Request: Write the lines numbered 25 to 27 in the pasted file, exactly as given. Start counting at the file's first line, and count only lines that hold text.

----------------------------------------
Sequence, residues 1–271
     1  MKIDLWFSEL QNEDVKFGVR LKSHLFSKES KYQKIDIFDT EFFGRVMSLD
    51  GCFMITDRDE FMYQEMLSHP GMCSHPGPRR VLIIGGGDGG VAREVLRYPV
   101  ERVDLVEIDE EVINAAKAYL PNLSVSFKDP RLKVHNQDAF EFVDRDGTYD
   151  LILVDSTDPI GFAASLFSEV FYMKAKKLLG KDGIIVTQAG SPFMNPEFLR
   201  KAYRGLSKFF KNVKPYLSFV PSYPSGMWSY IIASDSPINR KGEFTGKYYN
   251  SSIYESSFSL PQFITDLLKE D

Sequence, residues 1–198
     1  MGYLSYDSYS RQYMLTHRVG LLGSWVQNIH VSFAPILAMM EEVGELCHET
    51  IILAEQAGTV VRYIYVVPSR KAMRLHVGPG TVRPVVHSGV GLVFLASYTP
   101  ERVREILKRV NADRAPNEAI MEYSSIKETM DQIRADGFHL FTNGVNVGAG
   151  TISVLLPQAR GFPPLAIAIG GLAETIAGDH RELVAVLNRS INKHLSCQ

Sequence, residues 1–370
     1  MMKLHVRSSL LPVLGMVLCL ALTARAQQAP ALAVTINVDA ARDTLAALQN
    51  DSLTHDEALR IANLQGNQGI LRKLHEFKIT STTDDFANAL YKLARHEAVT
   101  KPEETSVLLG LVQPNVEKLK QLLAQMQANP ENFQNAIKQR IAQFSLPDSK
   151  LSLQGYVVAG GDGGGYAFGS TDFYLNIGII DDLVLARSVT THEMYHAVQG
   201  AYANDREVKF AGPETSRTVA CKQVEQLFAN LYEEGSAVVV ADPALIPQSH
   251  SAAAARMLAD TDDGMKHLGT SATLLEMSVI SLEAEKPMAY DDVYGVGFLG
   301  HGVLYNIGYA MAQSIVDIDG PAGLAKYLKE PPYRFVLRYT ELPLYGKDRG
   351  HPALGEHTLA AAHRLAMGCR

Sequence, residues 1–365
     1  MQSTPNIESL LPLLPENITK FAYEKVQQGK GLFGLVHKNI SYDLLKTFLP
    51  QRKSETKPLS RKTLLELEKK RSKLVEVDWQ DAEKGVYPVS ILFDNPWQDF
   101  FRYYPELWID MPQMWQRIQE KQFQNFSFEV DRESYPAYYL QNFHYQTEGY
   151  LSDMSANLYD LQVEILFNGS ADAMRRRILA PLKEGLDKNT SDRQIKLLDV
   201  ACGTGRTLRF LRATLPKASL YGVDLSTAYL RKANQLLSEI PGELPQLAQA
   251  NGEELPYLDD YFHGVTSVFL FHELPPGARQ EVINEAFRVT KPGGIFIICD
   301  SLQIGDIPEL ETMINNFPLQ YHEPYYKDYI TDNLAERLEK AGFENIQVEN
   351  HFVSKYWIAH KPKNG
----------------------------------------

   101  FRYYPELWID MPQMWQRIQE KQFQNFSFEV DRESYPAYYL QNFHYQTEGY
   151  LSDMSANLYD LQVEILFNGS ADAMRRRILA PLKEGLDKNT SDRQIKLLDV
   201  ACGTGRTLRF LRATLPKASL YGVDLSTAYL RKANQLLSEI PGELPQLAQA